Recipe: Perfect Chocolate Chia Pudding Sweet mix of coconut, cherries and chocolate

A top-down view of a chocolate smoothie bowl (thick smoothie served in a bowl with a spoon) garnished with chia seeds, large coconut flakes and cacao nibs. Healthy vegan breakfast. The smoothie portion contains banana, chocolate, almond milk and ice.

This pudding is packed with health-promoting chia seeds, almond milk, cinnamon, cocoa, coconut flakes and dried fruit. It’s the perfect chocolate treat.


½ cup Chia seeds
1 cup vanilla almond milk, unsweetened
1 cup 2% milk (may use all almond for non-dairy option)
1½ tablespoons honey
1 tablespoon cocoa powder, unsweetened
1 teaspoon cinnamon
1 teaspoon vanilla extract
2 tablespoons coconut flakes, unsweetened
2 tablespoons dried tart cherries, or other unsweetened dried fruit


  1. Place chia seeds, milks, honey, cocoa, cinnamon and vanilla in a glass container with a tight lid.
  2. Seal and shake well to combine. Refrigerate for at least 5 hours or overnight.
  3. Serve topped with coconut flakes and dried fruit to garnish.

Note: For a smoother texture, blend pudding in a high power blender before refrigerating. Be sure to blend well to avoid a gritty texture.

Nutrition information

Makes 6 servings

Each 1/2 cup serving contains:

Calories 140
Total fat 7g
Saturated fat 2g
Trans fat 0g
Protein 4g
Total carbohydrate 16g
Fiber 6g
Sugar 7g
Cholesterol 5mg
Sodium 150mg

3 common solutions for back pain with physical therapy:@ClevelandClinic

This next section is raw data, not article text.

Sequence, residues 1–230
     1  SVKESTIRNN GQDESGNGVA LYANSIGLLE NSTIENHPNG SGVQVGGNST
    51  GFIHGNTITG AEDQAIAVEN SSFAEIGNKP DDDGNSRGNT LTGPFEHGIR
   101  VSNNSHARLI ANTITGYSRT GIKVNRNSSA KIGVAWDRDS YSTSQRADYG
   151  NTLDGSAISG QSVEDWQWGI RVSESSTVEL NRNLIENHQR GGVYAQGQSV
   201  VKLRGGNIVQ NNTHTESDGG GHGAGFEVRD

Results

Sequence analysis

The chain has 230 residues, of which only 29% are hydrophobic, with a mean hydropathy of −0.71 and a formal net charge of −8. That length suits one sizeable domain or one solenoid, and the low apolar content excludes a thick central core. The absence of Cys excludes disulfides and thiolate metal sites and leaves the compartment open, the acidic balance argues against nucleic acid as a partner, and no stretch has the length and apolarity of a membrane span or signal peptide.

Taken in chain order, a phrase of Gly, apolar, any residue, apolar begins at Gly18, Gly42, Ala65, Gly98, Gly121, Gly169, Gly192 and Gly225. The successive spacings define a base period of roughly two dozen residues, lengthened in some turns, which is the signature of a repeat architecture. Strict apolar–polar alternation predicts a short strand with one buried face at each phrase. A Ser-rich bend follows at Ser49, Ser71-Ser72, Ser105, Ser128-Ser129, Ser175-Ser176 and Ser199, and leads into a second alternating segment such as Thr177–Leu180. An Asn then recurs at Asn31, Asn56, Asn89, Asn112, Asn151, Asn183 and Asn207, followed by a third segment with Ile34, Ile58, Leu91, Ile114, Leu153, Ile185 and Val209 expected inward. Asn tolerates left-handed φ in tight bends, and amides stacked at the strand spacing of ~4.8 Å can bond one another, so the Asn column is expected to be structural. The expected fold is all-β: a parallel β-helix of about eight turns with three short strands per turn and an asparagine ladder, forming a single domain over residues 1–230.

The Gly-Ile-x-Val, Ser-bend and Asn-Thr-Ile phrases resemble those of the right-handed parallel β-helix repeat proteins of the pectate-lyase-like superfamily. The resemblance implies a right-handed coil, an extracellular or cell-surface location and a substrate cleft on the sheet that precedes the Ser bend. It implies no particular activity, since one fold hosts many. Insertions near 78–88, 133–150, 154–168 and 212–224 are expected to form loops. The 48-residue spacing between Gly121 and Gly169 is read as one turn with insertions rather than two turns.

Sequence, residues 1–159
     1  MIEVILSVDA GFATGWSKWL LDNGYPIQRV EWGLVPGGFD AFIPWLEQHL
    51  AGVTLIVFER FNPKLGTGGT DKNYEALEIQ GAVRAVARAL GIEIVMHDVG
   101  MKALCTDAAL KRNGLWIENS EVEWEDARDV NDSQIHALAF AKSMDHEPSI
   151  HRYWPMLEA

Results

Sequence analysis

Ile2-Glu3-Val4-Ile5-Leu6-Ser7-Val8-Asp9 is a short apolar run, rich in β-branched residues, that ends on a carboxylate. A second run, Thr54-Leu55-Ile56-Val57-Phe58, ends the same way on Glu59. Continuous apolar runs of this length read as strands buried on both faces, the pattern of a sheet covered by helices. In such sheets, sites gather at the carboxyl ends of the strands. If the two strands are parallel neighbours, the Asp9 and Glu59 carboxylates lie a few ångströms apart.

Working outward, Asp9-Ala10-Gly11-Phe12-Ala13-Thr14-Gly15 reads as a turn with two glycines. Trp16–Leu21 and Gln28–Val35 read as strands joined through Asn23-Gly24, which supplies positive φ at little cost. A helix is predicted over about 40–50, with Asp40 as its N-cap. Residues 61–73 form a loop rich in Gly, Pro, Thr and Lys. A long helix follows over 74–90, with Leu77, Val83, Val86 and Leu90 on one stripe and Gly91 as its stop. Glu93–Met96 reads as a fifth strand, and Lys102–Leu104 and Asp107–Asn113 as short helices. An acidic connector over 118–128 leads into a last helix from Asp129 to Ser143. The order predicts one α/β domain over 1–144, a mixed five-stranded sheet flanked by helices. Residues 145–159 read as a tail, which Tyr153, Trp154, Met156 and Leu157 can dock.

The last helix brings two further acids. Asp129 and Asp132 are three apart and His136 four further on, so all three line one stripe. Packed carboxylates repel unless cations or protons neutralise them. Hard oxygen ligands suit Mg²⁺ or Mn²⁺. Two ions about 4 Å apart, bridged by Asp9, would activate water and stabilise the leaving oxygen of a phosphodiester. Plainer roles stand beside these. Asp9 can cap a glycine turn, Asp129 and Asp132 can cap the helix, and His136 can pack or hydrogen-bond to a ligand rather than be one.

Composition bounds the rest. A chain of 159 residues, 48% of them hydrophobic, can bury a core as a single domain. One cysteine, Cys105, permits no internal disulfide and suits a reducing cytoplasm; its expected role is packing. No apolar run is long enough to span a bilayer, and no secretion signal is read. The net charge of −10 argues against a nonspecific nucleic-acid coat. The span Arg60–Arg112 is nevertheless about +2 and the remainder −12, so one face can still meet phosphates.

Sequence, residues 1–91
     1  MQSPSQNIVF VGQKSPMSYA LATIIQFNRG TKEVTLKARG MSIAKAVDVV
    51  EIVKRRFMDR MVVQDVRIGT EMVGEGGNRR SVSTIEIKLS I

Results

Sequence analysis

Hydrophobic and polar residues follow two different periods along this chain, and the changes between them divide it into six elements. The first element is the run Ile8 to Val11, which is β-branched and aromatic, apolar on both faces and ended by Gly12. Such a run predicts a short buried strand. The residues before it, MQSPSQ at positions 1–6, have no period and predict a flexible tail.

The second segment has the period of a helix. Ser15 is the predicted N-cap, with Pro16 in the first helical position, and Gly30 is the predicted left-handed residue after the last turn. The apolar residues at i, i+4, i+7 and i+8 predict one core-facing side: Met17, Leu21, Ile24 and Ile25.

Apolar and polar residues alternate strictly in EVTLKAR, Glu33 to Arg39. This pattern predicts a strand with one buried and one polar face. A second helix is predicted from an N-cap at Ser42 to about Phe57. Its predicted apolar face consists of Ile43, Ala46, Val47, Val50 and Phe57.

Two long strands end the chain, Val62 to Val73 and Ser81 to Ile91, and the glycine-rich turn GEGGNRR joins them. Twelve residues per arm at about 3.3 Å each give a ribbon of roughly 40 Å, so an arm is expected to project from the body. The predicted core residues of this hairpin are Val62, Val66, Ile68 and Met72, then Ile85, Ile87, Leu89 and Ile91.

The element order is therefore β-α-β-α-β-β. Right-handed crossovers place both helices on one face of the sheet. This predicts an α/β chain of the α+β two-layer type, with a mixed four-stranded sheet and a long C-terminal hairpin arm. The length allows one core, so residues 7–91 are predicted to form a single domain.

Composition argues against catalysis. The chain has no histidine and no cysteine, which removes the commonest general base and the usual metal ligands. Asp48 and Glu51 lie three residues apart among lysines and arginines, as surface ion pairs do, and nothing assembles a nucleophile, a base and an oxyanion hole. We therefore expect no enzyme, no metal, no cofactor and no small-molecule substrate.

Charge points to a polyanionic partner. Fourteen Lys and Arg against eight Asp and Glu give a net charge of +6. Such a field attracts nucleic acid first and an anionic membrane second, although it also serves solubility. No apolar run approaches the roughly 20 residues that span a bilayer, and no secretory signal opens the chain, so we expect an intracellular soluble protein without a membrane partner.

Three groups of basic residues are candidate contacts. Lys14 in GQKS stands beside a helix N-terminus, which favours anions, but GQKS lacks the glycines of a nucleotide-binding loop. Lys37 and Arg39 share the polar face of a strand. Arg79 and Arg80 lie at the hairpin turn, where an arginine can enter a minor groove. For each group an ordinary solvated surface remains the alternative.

Cleveland Clinic

3 common solutions for back pain with physical therapy:

Recipe: Nutty Steel Cut Oats With Fruit

Cleveland Clinic

Upgrade your breakfast with steel cut oats. They’re freshly milled from high protein oats make a delightful, full-bodied hot cereal:


¼ cup steel cut oatmeal
¾ cup unsweetened almond milk
1 tablespoon fresh strawberries
1 tablespoon fresh blueberries
1 teaspoon toasted walnuts, chopped
½ teaspoon honey


  1. In a medium-sized pot, add almond milk and oatmeal.
  2. Bring to simmer; stir until oatmeal is thick and creamy – about 20 minutes.
  3. Serve with your favorite fresh berries, sliced bananas, or toasted walnuts, and almond milk.

Nutritional information (Per serving)

Makes 1 serving
Calories: 210
Total fat: 6 g
Saturated fat: .5 g
Protein: 7 g
Carbohydrate: 34 g
Dietary fiber: 5 g
Sugar: 4 g
Cholesterol: 0 mg

Source: Chef Michelle Bartoul-Mangan, Cleveland Clinic Wellness

Recipe: Savory Sweet Potato-Quinoa Muffins

Cleveland Clinic

These deliciously cozy muffins satisfy cravings both sweet and savory, and offer impressive health benefits (fiber, beta-carotene and vitamins galore), all at once:

Think of these deliciously cozy muffins as a triple treat: They manage to soothe the soul, satisfy cravings both sweet and savory, and offer impressive health benefits (fiber, beta-carotene and vitamins galore), all at once. You may want to double the recipe — we guarantee they won’t last long.


¾ cup quinoa flour
½ cup almond meal/flour
1½ teaspoons baking soda
½ teaspoon kosher salt
¼ teaspoon freshly ground black pepper
2 large eggs
1½ cups sweet potato puree
1 tablespoon extra virgin olive oil
¾ cup water
1½ cups quinoa, cooked
½ cup walnuts, chopped
¼ cup flat leaf parsley, chopped
2 teaspoons fresh thyme leaves
2 scallions, chopped


  1. Heat the oven to 350°F. Line a 12-cup muffin pan with paper liners.